July 23 – Yermin Mercedes
Coming up at the tail end of the first half, Mercedes developed a reputation as a hard swinger and ended up leading the team with 8 home runs in only 64 games. Add in 42 RBI and a .272 average, and there’s a good case for advancing him ahead of the two catching prospects originally assigned to Delmarva, Jonah Heim and Alex Murphy.
July 30 – Nick Cunningham
The 4-3, 3.23 ERA numbers Nick put up before being selected as Shorebird of the Week ended up being his final numbers as he was placed on the suspended list. After the disaster of his 2014 season, Nick redeemed himself with a good season where he controlled his walks and gave up fewer hits than innings pitched. But will his suspension damage his career? That’s the question as Nick won’t be eligible to start the 2016 season.
August 6 – Josh Walker
Making 16 starts for Delmarva, Josh went 8-4 with a 3.20 ERA and a 59/15 K/BB ratio for a 1.16 WHIP. Those stats allowed Walker a late-season promotion to Frederick, where he struggled in 14 innings with an 0-2 record and 7.07 ERA. He still had good control, but allowed 20 hits in those 3 appearances. He’s likely ticketed for a spot on Frederick’s staff, though.
August 13 – Cam Kneeland
With the players placed on the Shorebirds, who would have thought a refugee from independent baseball would lead the team in RBI? But Cam’s total of 63 topped the team, to go with 6 home runs and a .267 average for a guy who played 49 games at third, 27 at second, 25 at first, 12 at short, and a couple in left. Hopefully the Orioles will see what he can do at the next level.
August 20 – Max Schuh
Another mid-season addition to the staff, Schuh was outstanding in 24 relief appearances despite the fact his peripheral numbers (39 hits allowed and a 1.34 WHIP in 40 1/3 innings) weren’t spectacular. He lost his only decision but picked up 3 saves overall, finishing in 15 of 24 appearances with a paltry 1.79 ERA.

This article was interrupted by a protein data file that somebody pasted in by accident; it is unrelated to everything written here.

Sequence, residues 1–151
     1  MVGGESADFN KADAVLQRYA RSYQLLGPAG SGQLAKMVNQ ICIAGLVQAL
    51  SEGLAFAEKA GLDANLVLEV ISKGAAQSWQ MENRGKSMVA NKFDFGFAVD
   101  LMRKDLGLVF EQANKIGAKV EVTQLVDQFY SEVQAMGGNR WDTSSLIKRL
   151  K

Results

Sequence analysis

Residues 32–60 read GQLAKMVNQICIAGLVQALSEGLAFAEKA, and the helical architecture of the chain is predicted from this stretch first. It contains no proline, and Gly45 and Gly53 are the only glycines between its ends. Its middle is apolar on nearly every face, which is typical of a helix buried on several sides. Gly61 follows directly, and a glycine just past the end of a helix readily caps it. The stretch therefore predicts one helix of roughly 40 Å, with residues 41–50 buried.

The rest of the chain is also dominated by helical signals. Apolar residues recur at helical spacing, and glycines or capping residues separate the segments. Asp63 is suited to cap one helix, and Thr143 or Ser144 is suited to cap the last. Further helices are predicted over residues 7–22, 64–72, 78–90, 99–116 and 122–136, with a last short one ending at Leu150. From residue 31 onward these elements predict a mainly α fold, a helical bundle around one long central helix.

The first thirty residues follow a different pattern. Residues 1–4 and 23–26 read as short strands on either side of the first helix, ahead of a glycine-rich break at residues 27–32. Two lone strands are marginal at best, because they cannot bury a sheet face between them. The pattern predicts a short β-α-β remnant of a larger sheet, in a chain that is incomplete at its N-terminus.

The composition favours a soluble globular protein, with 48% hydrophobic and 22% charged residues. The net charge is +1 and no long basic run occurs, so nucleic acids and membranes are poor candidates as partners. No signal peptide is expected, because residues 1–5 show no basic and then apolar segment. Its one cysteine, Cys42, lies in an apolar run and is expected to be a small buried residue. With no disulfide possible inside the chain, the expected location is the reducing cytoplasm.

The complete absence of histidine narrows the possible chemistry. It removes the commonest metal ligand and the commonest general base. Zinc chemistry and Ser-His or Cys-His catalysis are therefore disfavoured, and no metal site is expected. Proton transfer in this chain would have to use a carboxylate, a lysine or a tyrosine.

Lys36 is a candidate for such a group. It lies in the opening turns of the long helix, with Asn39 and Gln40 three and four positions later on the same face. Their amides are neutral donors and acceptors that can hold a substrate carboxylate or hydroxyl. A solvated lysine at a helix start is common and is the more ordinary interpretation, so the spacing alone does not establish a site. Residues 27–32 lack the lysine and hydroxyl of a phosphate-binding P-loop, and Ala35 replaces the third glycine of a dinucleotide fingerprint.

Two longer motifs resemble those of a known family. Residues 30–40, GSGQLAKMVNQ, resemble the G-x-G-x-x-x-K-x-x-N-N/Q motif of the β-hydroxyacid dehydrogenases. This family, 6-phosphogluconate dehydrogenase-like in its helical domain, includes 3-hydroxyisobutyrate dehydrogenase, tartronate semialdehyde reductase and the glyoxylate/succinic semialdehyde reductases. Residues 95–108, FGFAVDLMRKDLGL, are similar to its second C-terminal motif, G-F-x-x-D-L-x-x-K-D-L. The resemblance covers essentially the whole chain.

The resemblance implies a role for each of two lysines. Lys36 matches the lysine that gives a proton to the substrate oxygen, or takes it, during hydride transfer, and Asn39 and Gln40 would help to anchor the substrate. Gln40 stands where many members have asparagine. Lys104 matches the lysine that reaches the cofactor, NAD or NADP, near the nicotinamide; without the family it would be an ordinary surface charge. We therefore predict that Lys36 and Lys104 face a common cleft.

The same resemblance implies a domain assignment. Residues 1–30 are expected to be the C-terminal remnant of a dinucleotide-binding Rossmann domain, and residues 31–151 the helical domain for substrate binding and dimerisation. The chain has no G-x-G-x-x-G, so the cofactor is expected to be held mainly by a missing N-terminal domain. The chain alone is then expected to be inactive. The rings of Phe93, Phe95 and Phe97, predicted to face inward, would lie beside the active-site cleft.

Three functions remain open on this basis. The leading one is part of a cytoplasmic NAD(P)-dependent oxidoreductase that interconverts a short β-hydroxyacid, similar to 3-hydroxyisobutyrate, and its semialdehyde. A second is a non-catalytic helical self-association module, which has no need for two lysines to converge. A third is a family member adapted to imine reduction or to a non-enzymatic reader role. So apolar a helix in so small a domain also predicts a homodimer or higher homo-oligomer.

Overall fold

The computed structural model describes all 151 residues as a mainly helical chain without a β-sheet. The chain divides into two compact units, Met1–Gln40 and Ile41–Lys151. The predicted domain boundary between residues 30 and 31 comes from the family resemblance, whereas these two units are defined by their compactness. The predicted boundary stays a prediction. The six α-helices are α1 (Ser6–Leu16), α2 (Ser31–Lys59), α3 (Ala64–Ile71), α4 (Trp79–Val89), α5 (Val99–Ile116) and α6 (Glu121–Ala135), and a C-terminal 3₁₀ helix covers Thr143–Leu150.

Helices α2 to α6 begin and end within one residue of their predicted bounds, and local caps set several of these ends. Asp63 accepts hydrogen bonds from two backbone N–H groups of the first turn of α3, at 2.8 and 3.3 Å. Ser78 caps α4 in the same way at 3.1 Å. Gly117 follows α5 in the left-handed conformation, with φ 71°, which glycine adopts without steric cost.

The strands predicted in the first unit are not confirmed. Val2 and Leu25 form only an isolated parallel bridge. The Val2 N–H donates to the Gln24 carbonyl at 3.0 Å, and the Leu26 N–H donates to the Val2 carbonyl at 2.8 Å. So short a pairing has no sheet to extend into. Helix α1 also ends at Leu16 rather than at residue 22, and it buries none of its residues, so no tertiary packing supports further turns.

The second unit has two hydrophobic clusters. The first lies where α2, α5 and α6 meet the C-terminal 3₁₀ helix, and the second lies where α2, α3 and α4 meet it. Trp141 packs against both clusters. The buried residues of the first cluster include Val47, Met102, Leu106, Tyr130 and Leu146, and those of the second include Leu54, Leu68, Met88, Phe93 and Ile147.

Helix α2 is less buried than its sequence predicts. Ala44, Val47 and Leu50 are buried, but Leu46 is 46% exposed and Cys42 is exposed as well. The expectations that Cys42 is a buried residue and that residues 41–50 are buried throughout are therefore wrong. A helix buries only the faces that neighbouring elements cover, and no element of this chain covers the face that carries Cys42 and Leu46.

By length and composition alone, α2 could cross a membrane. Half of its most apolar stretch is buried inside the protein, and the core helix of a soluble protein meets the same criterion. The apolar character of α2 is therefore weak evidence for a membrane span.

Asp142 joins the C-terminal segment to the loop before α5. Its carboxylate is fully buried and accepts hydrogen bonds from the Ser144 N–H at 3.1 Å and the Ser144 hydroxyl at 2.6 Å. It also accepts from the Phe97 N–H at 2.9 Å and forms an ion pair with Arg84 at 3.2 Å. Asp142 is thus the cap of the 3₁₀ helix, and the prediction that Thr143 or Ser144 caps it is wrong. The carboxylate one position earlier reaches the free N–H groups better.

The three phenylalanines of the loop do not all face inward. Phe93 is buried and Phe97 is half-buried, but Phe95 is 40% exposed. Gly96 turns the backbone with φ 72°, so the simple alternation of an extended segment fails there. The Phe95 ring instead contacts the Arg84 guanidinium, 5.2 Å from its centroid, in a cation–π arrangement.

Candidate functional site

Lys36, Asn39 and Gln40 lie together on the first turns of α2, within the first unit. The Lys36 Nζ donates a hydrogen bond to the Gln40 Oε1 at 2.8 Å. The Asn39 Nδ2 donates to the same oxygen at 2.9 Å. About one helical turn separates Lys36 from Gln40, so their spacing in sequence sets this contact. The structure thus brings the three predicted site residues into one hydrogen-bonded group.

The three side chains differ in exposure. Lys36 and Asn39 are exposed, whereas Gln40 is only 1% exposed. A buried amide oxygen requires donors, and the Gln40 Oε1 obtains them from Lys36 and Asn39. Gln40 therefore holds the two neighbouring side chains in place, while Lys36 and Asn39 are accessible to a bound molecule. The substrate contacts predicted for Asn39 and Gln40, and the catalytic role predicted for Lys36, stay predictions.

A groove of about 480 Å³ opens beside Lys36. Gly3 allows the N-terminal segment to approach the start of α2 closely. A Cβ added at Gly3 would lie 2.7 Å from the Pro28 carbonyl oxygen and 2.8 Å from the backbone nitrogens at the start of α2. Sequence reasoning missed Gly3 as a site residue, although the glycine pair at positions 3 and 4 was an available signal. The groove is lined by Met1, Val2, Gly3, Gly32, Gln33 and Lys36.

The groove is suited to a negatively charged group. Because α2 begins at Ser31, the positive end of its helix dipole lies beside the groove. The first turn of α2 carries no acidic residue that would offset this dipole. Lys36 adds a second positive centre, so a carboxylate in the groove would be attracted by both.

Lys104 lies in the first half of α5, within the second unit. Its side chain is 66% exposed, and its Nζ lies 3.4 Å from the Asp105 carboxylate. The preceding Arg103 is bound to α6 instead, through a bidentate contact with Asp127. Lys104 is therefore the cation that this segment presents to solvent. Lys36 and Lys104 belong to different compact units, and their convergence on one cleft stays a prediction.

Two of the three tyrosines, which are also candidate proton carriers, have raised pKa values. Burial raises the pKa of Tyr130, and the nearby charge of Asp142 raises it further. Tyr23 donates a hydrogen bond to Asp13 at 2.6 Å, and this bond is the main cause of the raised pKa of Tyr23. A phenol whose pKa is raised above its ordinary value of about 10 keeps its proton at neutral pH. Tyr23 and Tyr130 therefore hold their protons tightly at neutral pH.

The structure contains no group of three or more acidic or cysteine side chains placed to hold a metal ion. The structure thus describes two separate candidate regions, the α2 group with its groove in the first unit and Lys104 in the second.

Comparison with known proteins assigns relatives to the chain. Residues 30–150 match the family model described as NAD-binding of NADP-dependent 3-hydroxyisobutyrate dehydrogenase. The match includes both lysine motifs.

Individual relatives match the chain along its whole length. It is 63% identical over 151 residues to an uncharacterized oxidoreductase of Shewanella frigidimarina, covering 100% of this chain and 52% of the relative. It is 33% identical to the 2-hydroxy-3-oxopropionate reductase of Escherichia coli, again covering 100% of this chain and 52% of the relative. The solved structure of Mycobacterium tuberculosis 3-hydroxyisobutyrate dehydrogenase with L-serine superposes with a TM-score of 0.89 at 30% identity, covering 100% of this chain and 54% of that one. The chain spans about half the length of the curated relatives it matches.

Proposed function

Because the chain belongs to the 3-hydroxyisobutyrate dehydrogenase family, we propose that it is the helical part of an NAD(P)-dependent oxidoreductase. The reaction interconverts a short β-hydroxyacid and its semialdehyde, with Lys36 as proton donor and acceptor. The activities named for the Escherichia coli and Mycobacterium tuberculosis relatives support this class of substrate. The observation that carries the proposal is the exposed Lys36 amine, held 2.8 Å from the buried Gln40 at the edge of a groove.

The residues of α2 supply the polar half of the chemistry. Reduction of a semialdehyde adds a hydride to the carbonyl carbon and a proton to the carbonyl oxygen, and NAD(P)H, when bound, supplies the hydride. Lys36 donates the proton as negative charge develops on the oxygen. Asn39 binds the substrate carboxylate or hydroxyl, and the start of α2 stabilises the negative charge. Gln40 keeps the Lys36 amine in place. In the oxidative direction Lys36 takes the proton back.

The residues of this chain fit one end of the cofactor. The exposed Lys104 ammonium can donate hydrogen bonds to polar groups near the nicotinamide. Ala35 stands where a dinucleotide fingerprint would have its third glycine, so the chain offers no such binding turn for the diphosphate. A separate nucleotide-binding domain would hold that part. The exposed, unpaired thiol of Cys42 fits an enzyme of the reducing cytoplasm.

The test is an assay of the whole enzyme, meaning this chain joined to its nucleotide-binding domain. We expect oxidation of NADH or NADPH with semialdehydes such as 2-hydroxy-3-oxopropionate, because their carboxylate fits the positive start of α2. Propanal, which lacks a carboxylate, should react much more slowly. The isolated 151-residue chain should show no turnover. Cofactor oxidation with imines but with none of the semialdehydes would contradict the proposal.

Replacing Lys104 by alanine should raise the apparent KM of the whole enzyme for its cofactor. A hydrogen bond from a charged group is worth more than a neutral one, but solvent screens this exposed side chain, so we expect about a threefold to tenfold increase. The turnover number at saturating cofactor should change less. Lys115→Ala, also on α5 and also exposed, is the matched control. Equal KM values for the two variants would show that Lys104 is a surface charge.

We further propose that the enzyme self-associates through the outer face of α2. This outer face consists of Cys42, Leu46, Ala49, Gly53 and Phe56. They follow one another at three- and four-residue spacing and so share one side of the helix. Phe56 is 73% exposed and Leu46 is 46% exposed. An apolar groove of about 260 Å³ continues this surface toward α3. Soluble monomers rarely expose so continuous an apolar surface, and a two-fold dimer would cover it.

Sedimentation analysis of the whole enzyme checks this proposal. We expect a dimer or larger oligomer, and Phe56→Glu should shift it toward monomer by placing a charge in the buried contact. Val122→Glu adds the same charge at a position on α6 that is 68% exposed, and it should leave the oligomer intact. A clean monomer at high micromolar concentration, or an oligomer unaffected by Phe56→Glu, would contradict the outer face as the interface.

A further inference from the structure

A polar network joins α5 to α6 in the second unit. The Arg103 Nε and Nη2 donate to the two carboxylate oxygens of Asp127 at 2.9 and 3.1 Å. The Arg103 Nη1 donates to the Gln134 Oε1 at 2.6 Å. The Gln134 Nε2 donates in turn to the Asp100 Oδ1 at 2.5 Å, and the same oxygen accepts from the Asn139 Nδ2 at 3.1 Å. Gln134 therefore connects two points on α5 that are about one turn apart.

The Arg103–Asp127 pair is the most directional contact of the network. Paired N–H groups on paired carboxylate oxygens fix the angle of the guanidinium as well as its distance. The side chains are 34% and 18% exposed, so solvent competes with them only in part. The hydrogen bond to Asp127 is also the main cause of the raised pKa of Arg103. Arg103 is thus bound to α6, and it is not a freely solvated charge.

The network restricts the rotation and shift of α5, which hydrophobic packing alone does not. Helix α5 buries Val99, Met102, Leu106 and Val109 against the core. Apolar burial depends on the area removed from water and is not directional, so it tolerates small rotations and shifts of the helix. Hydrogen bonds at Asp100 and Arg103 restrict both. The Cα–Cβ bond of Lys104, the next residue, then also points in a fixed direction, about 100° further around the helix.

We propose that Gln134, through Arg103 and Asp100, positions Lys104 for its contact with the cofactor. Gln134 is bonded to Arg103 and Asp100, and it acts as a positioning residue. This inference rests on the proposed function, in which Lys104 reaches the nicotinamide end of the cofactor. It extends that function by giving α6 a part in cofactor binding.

August 27 – Ademar Rifaela
Although he started the 2015 season with a brief 7-game stint at Aberdeen (where he went 6-for-30), Rifaela found a home in left field for Delmarva. With a slash of .262/5/20/.740 OPS in 59 games here, the question surrounding him is whether that was a long enough audition for the next level or if another half-season is required. My thinking leans toward the latter, which means we would see him again in April.
September 3 – Dariel Delgado
As the last pick, Delgado finished pretty much true to his stats when selected, going 8-3 with a 3.09 ERA and 1.31 WHIP over 93 1/3 innings. This was after a brutal nine-inning stretch in Frederick where he allowed 12 runs; however, the nine runs given up in one single-inning appearance skewed the numbers significantly. Since this was his second round with Delmarva, I would think Dariel moves up next season.
Here is a list of my Shorebirds of the Year, going back to the award’s inception in 2006:
- 2006 – Ryan Finan
- 2007 – Danny Figueroa
- 2008 – Sean Gleason
- 2009 – Ron Welty
- 2010 – Brian Conley
- 2011 – David Walters
- 2012 – Brenden Webb
- 2013 – Lucas Herbst
- 2014 – Chance Sisco
One thing they all have in common is that they were selected as a Shorebird of the Week.
But in compiling this list, I realized to my horror that my memory failed me. There is a significant omission of a deserving player who played here all season and put up good numbers on a team which frankly didn’t have any outstanding talents that had enough time here to qualify. Perhaps the closest were Jomar Reyes and Steve Wilkerson, but neither made it into 100 games.
So I looked at the mound and realized that some of those players had good but not great seasons. You’ll notice that just two pitchers have been Shorebird of the Year, and they had to either be flat-out dominant for a whole season (Sean Gleason) or lead the league in saves (David Walters.)
It would not be such a big deal to skip this player, except John Means did something unique: the first Shorebird no-hitter in 17 years. So I’m going to be unique and for the first time name a non-Shorebird of the Week, John Means, as my Shorebird of the Year. Just because I thought in August that I already picked him shouldn’t keep John from his due.
So that’s a wrap on the player side for 2015. Next week will be my picks and pans feature speaking as a fan, and then in December I will certainly update my Shorebird of the Week Hall of Fame. The Class of 2015 is my largest in several years, and as of this writing is an all-pitcher class.
Then sometime around the start of spring training I’m going to try and predict the 2015 roster. As it turned out, 15 of my 25 picks were in Delmarva at some point in the season so I didn’t do half-bad I guess. Next year, if the creek don’t rise, will be the tenth season of Shorebird of the Week. But you can rest assured I won’t put the Shorebirds on the shelf for seven months.